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Three Works From the Roaring ’20s Unearthed in Buried Alive

October 12, 2020

The protean conductor/educator/administrator Leon Botstein has long displayed a yen for resurrecting interesting pieces from the past that have been ignored for eons — and he does so again on a new Bridge release entitled Buried Alive. Now, one can take that title two ways — as the English translation for the largest-scale work on the disc, Othmar Schoeck’s Lebendig Begraben, or as the silence conveyed upon neglected works by posterity until Botstein came to the rescue. All three pieces here date from within two years of each other during a decade, the 1920s, when experimentation in music ran wild before Stalin, Hitler, and the Great Depression effectively put a damper on much of it.

We could step back a little and exempt one of the pieces from oblivion since Arthur Honegger’s Rugby has received over a dozen recordings over the decades — including one led by the composer a year after completing it in 1928. It’s an energizing rough-and-tumble simulation of a rugby match with each team competing in a different time signature. Yet this performance with The Orchestra Now sounds stilted, lumbering, not nearly approaching the wildness and ecstasy of the Leonard Bernstein/New York Philharmonic recording, nor the equally abandoned energy — however rickety the playing — of Hermann Scherchen and the Royal Philharmonic.

Going from one Swiss composer to another, Schoeck’s Lebendig Begraben is a monodrama for baritone (or bass), orchestra and wordless chorus drawn from a cycle of poems by Gottfried Keller. A man is in his casket, buried alive (deliberately?), and after cursing his situation, begins to recall incidents in his life — a lost young love, a Christmas tree, a hike through the forest, a Romansh-speaking girl throwing a rose — and eventually comes to accept his fate and permits his life to drain away.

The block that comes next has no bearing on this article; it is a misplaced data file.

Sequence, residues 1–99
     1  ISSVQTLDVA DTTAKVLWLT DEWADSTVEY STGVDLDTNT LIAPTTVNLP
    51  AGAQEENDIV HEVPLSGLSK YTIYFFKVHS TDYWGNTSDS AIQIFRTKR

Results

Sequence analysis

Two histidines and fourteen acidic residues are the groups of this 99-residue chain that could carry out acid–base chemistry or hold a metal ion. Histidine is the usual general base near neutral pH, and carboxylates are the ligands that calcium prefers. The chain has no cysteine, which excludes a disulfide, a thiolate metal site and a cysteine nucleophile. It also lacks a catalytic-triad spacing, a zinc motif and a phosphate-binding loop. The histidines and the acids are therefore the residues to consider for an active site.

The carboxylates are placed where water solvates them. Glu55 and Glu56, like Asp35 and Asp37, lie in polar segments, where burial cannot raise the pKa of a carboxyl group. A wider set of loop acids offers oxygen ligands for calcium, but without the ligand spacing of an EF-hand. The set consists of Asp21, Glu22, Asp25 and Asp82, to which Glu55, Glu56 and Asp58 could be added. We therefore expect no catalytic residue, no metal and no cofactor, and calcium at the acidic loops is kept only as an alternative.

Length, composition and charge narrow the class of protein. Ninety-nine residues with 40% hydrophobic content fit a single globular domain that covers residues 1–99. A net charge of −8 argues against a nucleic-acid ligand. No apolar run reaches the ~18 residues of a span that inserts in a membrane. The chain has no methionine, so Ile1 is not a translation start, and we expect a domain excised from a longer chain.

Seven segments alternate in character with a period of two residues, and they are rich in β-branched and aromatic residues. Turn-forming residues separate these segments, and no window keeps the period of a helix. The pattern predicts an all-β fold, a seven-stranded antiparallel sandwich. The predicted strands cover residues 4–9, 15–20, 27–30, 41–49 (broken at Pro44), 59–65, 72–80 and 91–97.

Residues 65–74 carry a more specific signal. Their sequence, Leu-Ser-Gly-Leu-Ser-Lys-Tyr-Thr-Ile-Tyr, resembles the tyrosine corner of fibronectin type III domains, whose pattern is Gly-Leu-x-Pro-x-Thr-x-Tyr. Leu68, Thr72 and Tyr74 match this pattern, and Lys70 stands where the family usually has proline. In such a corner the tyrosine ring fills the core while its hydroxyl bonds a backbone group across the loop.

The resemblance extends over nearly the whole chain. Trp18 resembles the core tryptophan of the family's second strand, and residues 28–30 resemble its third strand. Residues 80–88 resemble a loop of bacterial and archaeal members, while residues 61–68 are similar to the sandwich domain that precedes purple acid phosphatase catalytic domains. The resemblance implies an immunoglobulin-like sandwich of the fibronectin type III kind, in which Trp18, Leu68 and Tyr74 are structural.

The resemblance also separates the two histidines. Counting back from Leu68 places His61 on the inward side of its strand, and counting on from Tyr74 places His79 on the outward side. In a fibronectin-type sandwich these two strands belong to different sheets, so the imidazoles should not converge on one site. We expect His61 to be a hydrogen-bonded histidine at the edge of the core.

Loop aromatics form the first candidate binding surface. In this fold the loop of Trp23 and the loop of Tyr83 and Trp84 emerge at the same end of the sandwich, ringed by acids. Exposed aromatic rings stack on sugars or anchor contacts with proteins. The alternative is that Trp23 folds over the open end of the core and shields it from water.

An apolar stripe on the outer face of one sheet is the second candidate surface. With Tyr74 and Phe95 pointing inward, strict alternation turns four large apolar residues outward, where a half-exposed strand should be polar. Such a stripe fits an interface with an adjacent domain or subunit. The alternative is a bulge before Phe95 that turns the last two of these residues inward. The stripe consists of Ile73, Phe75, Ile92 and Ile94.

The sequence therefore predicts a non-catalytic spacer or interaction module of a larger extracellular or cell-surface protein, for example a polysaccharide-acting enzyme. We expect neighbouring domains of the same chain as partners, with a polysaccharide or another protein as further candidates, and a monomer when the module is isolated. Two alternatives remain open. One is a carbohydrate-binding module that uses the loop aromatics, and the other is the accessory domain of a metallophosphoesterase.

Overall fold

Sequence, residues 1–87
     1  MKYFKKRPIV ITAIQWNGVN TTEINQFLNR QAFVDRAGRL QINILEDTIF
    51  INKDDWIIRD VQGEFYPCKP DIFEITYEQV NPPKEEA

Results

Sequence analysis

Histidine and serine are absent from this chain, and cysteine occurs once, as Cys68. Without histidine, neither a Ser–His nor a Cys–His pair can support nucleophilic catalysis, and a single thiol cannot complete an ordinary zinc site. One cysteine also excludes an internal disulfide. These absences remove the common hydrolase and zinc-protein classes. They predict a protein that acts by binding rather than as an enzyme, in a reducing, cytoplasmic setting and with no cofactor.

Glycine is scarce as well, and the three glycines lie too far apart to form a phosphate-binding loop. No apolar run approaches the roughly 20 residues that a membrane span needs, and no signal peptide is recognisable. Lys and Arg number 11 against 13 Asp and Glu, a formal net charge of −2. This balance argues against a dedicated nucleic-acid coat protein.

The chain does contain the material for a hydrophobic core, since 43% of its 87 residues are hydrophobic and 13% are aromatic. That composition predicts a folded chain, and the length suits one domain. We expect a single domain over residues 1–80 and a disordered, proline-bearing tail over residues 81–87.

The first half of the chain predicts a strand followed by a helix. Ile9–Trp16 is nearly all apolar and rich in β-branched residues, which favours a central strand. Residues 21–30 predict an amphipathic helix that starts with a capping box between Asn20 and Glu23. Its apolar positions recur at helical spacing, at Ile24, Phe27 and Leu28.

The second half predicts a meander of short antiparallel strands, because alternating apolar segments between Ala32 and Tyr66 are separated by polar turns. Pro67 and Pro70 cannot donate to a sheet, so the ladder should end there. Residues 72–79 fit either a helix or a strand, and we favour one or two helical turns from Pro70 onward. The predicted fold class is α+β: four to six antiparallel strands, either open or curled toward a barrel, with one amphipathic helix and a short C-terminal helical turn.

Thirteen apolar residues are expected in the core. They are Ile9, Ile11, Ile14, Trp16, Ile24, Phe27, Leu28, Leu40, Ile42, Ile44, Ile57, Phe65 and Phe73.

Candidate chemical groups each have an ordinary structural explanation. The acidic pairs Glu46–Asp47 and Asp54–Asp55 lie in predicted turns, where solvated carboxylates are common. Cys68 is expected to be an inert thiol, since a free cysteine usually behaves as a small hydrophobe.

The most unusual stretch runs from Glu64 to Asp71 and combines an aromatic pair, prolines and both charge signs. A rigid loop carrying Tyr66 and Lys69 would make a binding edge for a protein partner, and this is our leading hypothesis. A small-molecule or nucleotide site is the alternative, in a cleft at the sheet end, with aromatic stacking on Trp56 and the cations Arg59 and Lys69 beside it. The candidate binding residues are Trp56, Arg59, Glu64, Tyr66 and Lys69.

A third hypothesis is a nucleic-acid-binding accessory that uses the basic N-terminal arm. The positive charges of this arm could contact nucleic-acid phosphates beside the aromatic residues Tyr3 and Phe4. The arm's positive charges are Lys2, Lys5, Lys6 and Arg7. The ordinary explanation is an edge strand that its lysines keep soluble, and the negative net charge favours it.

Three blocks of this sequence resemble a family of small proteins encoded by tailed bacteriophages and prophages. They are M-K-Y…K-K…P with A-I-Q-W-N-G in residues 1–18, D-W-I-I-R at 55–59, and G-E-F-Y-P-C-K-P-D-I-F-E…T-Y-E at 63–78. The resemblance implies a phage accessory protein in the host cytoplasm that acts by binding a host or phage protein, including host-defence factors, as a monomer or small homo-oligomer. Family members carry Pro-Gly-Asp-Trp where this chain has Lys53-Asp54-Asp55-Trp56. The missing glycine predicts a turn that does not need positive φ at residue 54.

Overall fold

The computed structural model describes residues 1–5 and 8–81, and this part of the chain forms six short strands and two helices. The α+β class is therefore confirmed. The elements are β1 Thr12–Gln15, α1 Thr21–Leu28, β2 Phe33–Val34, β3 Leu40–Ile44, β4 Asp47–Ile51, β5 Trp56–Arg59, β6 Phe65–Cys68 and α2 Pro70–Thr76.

The score follows the morbid narrative meticulously with lightly coated dissonance upon a tonal center. It must be one of the toughest assignments a singer could face — 45 minutes of uninterrupted monologue and barely any instrumental connecting tissue between its 14 parts. It will probably always be a rarity, especially in non-German-speaking countries.

Even though Lebendig Begraben dates from 1928, it sounds as if it was tailor-made for the great German baritone Dietrich Fischer-Dieskau, who indeed befriended Schoeck in his later years and made what is considered the work’s reference recording in 1962. Here, baritone Michael Nagy surmounts the piece’s timespan admirably, even occasionally summoning a likeness of the timbre of Fischer-Dieskau in spots.

Yet the greatest find of this trio of works is a bracing Concerto Grosso by Dimitri Mitropoulos — yes, the famously fearless conductor of the Minneapolis Symphony in the 1940s and music director of the New York Philharmonic through most of the 1950s. Except for those who diligently read the fine print of encyclopedias, few people know that Mitropoulos was also a composer — or at least he was until the 1930s, when he decided to phase it out.

The Concerto Grosso is neoclassical in sound, with much use of acidic polytonality, and it is a good match for Honegger’s style in the context of this program. The fourth movement in particular is a fantastic, turbulent, dissonant fugue; the coda sounds like a daffy Second Viennese School parody of a Baroque concerto. Botstein and The Orchestra Now work their way patiently through the piece without any special flair, but with enough vitality to put it across. Very little of Mitropoulos’s music exists on recordings — the maestro never promoted or conducted it himself — and maybe there are some other gems lurking somewhere.

Richard S. Ginell writes regularly about music for the Los Angeles Times, Musical, Classical Voice North America, and American Record Guide.  He has also contributed to Gramophone and The Strad, among many other publications. In another lifetime, he was chief music critic of the Los Angeles Daily News.